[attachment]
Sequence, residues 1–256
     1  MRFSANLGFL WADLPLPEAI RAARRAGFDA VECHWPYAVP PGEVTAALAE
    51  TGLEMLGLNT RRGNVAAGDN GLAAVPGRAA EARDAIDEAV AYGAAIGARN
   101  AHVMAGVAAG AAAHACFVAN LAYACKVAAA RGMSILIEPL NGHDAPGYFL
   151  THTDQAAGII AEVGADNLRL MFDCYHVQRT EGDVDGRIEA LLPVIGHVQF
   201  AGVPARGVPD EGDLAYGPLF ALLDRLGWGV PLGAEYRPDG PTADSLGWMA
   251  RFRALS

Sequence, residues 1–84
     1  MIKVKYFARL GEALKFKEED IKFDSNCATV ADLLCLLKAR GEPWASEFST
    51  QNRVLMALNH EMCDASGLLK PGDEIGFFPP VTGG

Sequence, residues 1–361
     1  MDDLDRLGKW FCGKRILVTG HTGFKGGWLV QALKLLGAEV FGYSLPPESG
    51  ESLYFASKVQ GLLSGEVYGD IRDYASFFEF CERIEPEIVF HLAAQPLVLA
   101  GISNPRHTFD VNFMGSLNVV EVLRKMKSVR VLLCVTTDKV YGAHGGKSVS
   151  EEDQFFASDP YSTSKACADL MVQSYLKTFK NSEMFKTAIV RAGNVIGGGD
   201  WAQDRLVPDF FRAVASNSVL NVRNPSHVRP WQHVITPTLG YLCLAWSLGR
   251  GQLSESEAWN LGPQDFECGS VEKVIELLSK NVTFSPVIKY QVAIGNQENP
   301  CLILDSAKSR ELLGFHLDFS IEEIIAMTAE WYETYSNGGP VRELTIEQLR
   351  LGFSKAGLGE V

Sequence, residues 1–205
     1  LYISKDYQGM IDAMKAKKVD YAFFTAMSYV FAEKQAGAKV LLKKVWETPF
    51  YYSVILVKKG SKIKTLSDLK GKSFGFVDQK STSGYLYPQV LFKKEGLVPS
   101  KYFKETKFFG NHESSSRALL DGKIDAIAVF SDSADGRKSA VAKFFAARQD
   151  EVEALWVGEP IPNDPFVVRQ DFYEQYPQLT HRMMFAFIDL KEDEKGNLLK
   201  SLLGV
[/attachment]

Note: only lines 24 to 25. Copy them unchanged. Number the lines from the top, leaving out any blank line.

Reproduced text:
   151  EVEALWVGEP IPNDPFVVRQ DFYEQYPQLT HRMMFAFIDL KEDEKGNLLK
   201  SLLGV